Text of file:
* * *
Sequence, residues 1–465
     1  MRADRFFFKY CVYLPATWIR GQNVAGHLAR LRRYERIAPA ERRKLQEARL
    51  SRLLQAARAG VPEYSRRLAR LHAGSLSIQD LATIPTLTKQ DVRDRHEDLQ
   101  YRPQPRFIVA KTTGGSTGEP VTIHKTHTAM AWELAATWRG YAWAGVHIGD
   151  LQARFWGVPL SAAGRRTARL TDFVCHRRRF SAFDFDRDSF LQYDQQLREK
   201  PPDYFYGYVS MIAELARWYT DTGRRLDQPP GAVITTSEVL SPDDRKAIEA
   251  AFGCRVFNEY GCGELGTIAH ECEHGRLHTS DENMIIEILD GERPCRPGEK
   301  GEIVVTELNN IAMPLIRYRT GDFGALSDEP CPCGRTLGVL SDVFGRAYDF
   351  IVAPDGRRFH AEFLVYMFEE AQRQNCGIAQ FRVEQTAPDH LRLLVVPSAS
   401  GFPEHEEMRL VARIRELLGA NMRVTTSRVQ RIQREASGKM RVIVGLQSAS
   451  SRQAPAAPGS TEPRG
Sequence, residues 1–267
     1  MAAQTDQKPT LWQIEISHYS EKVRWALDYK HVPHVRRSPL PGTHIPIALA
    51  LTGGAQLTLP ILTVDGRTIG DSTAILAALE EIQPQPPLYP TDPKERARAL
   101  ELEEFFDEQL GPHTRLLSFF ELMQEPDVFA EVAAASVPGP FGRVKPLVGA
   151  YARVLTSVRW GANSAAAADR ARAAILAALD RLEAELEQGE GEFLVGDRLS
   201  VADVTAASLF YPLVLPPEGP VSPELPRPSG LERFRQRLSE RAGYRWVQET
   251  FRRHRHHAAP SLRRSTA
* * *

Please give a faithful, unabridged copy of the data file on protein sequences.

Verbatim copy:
Sequence, residues 1–465
     1  MRADRFFFKY CVYLPATWIR GQNVAGHLAR LRRYERIAPA ERRKLQEARL
    51  SRLLQAARAG VPEYSRRLAR LHAGSLSIQD LATIPTLTKQ DVRDRHEDLQ
   101  YRPQPRFIVA KTTGGSTGEP VTIHKTHTAM AWELAATWRG YAWAGVHIGD
   151  LQARFWGVPL SAAGRRTARL TDFVCHRRRF SAFDFDRDSF LQYDQQLREK
   201  PPDYFYGYVS MIAELARWYT DTGRRLDQPP GAVITTSEVL SPDDRKAIEA
   251  AFGCRVFNEY GCGELGTIAH ECEHGRLHTS DENMIIEILD GERPCRPGEK
   301  GEIVVTELNN IAMPLIRYRT GDFGALSDEP CPCGRTLGVL SDVFGRAYDF
   351  IVAPDGRRFH AEFLVYMFEE AQRQNCGIAQ FRVEQTAPDH LRLLVVPSAS
   401  GFPEHEEMRL VARIRELLGA NMRVTTSRVQ RIQREASGKM RVIVGLQSAS
   451  SRQAPAAPGS TEPRG
Sequence, residues 1–267
     1  MAAQTDQKPT LWQIEISHYS EKVRWALDYK HVPHVRRSPL PGTHIPIALA
    51  LTGGAQLTLP ILTVDGRTIG DSTAILAALE EIQPQPPLYP TDPKERARAL
   101  ELEEFFDEQL GPHTRLLSFF ELMQEPDVFA EVAAASVPGP FGRVKPLVGA
   151  YARVLTSVRW GANSAAAADR ARAAILAALD RLEAELEQGE GEFLVGDRLS
   201  VADVTAASLF YPLVLPPEGP VSPELPRPSG LERFRQRLSE RAGYRWVQET
   251  FRRHRHHAAP SLRRSTA